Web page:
The British government knows the outline of what it sees as a possible deal to leave the European Union, Michael Gove, the minister in charge of planning for a no-deal Brexit, has said.
Speaking at the governing Conservative Party's annual conference in Manchester, Mr Gove said the government's proposals for an agreement would see a deal that would differ significantly from the one negotiated by former prime minister Theresa May.
He added that there was still time for a deal to be done with the EU, and that the government could sign off on such an agreement at a summit in Brussels on 17-18 October.
If not, the talks would go to the wire, he said.
Earlier, British Prime Minister Boris Johnson said that he would not resign to avoid having to delay Brexit beyond the end of October.
Mr Johnson has vowed to take Britain out of the EU with or without a deal, despite parliament passing a law that would require him to ask for an extension to the Brexit deadline if MPs have not approved a deal.
He has said he would rather be "dead in a ditch" that request a delay. Asked if he would resign so that he did not have to ask for a delay, Mr Johnson said that he would not.
Speaking on BBC's The Andrew Marr Show, he said: "No, I have undertaken to lead the party and my country at a difficult time and I am going to continue to do that. I believe it is my responsibility to do that."
He said there is still "a good chance" of getting a deal before the UK is due to leave the European Union on 31 October.
Mr Johnson said his government was working "incredibly hard", and will continue working to see if they can "get this thing over the line".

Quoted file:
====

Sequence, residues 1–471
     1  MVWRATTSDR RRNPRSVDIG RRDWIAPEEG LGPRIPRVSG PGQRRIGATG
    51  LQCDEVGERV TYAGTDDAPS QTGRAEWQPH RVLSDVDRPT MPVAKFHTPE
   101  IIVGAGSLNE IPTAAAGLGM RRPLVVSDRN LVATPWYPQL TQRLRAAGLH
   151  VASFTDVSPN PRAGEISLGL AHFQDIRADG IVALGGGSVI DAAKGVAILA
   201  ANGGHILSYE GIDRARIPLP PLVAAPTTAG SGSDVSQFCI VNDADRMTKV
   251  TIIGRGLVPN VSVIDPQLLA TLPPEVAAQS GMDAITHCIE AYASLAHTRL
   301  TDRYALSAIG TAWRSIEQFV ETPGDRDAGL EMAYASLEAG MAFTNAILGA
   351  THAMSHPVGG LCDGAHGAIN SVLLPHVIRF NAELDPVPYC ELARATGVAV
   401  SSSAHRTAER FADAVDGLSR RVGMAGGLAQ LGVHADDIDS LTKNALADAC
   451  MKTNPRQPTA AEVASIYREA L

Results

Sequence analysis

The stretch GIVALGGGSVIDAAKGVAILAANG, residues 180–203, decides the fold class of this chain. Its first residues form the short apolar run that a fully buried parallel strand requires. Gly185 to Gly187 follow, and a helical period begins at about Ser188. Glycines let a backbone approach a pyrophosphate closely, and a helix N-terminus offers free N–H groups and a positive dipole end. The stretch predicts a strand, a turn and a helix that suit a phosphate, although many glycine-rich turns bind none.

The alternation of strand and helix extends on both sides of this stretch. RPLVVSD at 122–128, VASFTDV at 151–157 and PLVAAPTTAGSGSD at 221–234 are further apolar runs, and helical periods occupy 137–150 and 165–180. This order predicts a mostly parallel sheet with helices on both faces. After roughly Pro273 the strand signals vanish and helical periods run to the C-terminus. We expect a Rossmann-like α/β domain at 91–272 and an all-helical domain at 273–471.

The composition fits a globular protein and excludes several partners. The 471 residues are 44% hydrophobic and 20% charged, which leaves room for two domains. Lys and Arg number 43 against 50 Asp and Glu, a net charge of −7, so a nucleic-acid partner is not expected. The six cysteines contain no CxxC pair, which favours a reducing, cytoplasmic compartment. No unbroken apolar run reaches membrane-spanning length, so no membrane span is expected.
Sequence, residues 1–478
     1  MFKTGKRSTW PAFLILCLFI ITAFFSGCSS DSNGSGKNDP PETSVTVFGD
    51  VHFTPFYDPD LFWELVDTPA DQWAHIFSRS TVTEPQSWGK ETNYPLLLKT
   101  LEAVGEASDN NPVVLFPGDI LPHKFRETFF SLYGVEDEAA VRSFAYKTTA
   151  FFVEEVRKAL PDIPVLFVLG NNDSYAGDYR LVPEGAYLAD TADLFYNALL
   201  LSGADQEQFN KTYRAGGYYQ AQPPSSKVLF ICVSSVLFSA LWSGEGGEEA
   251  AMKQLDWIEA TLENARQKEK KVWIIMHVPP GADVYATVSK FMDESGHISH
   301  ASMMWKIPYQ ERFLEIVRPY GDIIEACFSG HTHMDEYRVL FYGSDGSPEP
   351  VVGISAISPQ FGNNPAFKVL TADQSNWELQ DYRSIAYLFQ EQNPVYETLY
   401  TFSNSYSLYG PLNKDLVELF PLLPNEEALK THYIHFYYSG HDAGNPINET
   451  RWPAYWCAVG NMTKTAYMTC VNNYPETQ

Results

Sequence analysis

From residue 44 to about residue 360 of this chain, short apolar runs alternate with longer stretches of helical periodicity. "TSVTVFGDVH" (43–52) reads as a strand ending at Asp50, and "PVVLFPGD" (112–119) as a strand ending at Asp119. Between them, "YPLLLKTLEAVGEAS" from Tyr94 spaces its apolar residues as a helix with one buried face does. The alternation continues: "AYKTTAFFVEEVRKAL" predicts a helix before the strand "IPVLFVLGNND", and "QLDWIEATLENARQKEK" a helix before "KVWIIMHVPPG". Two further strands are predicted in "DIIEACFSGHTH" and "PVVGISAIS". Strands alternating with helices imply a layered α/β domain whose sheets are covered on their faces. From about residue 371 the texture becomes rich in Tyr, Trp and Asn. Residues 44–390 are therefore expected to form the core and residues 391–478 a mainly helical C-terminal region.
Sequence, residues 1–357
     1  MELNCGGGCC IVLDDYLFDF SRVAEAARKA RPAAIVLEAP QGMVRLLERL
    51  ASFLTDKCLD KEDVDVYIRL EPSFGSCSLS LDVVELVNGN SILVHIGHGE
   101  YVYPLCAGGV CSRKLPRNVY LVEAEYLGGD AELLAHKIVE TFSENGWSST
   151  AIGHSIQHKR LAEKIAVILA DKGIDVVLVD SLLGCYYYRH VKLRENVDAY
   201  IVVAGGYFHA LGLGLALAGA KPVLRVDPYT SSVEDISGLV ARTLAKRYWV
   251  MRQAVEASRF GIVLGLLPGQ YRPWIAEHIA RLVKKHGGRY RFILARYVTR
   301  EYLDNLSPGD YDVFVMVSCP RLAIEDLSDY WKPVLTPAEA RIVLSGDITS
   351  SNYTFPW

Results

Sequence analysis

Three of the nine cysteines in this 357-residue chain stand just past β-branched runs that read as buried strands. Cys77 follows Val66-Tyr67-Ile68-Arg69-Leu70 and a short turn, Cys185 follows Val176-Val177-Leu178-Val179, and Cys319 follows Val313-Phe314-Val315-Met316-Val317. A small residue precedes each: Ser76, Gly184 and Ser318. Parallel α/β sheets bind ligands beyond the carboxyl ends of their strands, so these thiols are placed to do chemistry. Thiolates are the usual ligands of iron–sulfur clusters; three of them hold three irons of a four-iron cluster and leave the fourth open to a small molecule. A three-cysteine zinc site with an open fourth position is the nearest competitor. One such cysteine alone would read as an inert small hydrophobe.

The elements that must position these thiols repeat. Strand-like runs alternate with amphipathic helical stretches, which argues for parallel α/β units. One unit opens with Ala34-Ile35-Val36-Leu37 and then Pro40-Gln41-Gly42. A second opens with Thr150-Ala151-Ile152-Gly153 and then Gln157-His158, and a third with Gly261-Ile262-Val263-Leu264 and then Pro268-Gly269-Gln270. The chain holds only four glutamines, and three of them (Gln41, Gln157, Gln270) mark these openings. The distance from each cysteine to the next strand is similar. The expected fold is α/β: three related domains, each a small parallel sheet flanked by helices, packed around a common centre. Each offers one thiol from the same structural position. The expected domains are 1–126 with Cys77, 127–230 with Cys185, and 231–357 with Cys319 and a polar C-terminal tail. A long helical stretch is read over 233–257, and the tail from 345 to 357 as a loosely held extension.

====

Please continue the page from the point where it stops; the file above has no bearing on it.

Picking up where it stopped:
He said: "Obviously the chances of deal or no deal depend very much on the common sense of our friends and partners.
"Our chances of getting a deal have not been helped by the 'surrender act'. The issue is, in Brussels, if they suspect or think there is a realistic chance that the UK can be kept in by any means beyond the 31st of October, that clearly takes away a lot of our negotiating freedom of manoeuvre."
When asked if it is possible for the UK to leave the EU without a deal, Mr Johnson replied: "Of course we can."
He said the current Withdrawal Agreement, including the backstop provision, was not acceptable and that under no circumstances would they allow the UK to be "trapped in the existing proposal".
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Mr Johnson also defended his use of words such as "surrender", saying to avoid doing so was "impoverishing the language and diminishing parliamentary debate".
Earlier this week, opposition MPs accused the prime minister of using language that could incite violence.
He rejected the accusations as "humbug" and provoked further anger when he described the law that demands that he ask the EU for a further Brexit extension as a "surrender bill".
Mr Johnson admitted today that tempers on both sides of the Brexit debate had become "inflamed", but said it was wrong for parliamentarians to be crowded out from using words such as surrender.